The 83 videos at IamSecond.com are simple but compelling.
In each video, a person dressed in a black T-shirt sits in a plain, white chair, lit by an overhead fixture.
One by one, they tell stories of heartbreak and the struggles of life, and how faith helped them make it through.
The videos, with celebrities ranging from Michelle Aguilar of "The Biggest Loser" to Brian "Head" Welch, the tattooed former guitarist for the metal band Korn, will be featured in an upcoming $750,000 ad campaign.
Other notables who have participated in the campaign include Olympian Scott Hamilton, former Indianapolis Colts coach Tony Dungee, bestselling author Anne Rice, actor Stephen Baldwin and shark-bite survivor Bethany Hamilton.
Organizers say the videos will help people connect with God in a nonthreatening way.
"We are trying to inspire people about hope, about life and about love," said Casey See of Franklin, Tenn.-based nonprofit e3Resources, who is one of the organizers of I Am Second Nashville.
Nashville organizer Angie Clawson has been working on the project since first hearing about I Am Second from a friend in Dallas.
The ads also have run in San Antonio, Orlando, Kansas City and Evansville, Ind.
Each ad points to the website, Iamsecond.com, where people can view black-and-white videos, each six or seven minutes long, telling how God is present even when things go wrong.
"I want to reach the person with a hardened heart," said Clawson, "the person without hope."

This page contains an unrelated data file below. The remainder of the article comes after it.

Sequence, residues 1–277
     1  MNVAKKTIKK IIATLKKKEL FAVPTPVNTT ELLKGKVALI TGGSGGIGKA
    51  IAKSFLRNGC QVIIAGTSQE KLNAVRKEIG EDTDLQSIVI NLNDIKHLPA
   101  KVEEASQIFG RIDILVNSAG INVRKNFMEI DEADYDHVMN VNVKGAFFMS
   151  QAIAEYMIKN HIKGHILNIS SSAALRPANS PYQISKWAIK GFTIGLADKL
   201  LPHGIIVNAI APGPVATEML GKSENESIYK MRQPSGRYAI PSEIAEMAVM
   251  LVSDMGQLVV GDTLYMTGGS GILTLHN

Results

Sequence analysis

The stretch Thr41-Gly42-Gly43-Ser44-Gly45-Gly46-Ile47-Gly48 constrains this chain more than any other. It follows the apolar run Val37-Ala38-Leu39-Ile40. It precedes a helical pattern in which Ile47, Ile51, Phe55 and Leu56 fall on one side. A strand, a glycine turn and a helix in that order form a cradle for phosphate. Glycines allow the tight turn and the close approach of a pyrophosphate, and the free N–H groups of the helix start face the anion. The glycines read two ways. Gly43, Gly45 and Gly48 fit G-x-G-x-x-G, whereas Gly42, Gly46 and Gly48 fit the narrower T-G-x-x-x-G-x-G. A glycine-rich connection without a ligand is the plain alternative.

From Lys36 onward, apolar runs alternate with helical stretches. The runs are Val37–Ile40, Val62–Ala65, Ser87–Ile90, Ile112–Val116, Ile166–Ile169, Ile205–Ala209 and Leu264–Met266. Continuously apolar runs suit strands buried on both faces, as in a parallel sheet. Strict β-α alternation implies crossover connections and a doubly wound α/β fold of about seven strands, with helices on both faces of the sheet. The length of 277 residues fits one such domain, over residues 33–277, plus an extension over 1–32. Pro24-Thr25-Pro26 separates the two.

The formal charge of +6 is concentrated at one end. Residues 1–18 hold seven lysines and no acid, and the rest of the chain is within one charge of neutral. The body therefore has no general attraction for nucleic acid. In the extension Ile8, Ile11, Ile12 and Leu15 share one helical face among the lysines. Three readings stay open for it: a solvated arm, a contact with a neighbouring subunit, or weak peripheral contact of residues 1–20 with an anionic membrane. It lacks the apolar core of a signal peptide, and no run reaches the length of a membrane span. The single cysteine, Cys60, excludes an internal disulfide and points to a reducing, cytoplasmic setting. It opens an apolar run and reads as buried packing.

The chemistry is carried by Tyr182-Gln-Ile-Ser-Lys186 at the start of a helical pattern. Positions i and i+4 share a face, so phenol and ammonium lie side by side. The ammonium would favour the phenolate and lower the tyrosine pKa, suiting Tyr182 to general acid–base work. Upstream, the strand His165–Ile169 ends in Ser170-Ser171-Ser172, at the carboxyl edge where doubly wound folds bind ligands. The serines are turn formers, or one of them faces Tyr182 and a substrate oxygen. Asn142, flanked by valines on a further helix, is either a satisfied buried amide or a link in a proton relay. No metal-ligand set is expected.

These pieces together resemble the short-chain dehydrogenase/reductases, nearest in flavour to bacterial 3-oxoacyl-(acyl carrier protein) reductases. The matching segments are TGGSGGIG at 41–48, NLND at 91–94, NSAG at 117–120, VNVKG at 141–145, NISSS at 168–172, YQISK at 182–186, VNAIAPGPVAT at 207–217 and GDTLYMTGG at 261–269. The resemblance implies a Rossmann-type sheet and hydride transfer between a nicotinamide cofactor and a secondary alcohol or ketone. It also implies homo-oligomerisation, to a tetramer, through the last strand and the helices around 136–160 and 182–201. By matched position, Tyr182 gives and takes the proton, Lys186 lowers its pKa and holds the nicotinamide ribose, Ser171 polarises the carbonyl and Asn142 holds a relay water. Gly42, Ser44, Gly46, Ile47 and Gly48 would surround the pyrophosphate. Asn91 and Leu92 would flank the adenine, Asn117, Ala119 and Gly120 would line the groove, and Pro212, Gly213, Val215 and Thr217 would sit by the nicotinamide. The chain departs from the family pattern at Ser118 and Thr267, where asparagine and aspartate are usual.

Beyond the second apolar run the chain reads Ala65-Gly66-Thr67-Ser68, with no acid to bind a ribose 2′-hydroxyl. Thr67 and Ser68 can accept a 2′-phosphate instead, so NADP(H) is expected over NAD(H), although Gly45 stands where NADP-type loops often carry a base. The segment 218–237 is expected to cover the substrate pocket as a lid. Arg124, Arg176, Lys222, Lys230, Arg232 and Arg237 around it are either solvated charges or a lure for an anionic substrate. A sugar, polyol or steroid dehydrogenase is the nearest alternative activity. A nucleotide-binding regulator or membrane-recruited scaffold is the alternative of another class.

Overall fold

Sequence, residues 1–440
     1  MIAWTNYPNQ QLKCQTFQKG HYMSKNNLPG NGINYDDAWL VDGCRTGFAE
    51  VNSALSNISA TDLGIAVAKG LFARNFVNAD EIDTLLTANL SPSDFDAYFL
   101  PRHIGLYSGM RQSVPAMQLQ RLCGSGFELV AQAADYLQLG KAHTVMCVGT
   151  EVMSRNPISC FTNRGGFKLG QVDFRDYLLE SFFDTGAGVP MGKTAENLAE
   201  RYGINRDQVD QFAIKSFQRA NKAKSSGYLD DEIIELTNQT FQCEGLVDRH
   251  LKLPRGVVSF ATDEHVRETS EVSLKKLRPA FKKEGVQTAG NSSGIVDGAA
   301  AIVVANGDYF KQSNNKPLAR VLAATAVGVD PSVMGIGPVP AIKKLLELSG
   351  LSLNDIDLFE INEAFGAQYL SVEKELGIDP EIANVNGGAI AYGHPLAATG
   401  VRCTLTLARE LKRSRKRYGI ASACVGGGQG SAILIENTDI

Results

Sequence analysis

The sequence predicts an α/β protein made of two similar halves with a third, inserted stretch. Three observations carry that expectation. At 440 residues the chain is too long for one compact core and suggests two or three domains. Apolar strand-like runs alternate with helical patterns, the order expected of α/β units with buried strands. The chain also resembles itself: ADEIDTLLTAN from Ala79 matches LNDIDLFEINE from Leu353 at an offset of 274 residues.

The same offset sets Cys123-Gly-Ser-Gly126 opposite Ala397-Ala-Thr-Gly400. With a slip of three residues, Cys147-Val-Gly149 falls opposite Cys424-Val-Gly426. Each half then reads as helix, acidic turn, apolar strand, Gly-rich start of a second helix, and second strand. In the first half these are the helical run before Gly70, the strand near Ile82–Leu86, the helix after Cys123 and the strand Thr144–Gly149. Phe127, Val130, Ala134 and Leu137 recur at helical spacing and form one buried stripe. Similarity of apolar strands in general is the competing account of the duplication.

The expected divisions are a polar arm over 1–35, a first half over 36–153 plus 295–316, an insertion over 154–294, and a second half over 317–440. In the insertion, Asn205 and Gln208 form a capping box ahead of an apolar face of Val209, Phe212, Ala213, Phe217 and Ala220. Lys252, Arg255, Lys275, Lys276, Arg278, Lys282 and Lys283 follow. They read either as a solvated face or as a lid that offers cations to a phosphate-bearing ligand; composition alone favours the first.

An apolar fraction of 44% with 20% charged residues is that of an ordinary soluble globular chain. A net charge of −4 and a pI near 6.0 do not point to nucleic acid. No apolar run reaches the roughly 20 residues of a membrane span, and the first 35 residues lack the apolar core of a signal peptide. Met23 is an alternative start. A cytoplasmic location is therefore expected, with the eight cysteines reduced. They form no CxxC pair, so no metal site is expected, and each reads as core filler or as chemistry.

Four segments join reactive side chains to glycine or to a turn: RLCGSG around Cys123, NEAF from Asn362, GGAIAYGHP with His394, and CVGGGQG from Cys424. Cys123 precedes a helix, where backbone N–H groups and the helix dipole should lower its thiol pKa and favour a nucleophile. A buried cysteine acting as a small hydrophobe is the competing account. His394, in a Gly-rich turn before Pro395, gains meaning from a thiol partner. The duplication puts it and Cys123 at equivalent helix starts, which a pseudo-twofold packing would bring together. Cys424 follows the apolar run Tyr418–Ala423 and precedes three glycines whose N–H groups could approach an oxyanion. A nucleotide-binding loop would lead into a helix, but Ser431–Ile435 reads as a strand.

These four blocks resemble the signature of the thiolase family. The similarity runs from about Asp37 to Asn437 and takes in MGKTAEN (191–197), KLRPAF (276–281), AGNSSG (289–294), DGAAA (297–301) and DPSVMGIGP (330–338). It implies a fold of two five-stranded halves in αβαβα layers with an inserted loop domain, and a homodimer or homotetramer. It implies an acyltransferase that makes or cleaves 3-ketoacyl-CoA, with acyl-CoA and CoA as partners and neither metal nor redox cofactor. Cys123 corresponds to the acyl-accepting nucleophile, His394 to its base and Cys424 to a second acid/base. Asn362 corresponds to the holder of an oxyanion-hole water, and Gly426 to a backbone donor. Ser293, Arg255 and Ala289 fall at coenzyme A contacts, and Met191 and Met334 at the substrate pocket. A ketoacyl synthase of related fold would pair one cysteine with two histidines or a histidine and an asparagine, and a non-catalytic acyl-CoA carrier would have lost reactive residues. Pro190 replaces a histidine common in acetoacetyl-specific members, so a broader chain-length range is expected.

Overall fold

Mark Marshall, pastor of ClearView Baptist Church in Franklin, said in the past, churches have used big events to connect with people outside the faith.
I Am Second is different, he said.
"It's not a big arena event," he said. "It's really to get masses of people into small groups."
Part of the appeal is the low-key approach that I Am Second takes, he said. Using a celebrity gets people to click on the videos, but the stories keep people watching. So far, more than 24 million people have either visited the website or seen the videos, according to IamSecond.
"Everyone connects to a story," Marshall said.
Olympian Hamilton recounts the grief he felt in losing his mother to cancer and his own ordeal of surviving a brain tumor. Michael W. Smith, a Christian artist, talks about struggles with drugs after moving to Nashville as a young man.
In his video, Josh Turner talks about writing his hit song "Long Black Train," which warns that temptation is appealing but destructive. Turner says that money and fame don't always lead to meaning in life.
"There's no song that I can write, there's no record that I can make, that will save me," Turner said. "I do need a savior."
Each video ends with the phrase "I Am Second." For participants, that means God comes first in their lives.
Nashville Christian radio host who uses the stage name Wally said filming an I Am Second video was uncomfortable at first.
Some of the celebrities in the videos talk about dealing with crises, such as drug addictions or major failures. Wally said his struggles were with more commonplace issues such as anger and disappointment.
He said the idea of putting God first and himself second isn't easy.
"My biggest problem is that I am not second," he said.
"I put myself and my needs before my relationship with God. If you look at all sin, it comes back to selfishness."
He hopes the videos will connect to viewers on a human level, rather than being seen as a marketing ploy to get people to come to church.
"You really get to look into someone's soul," he said.
By BOB SMIETANA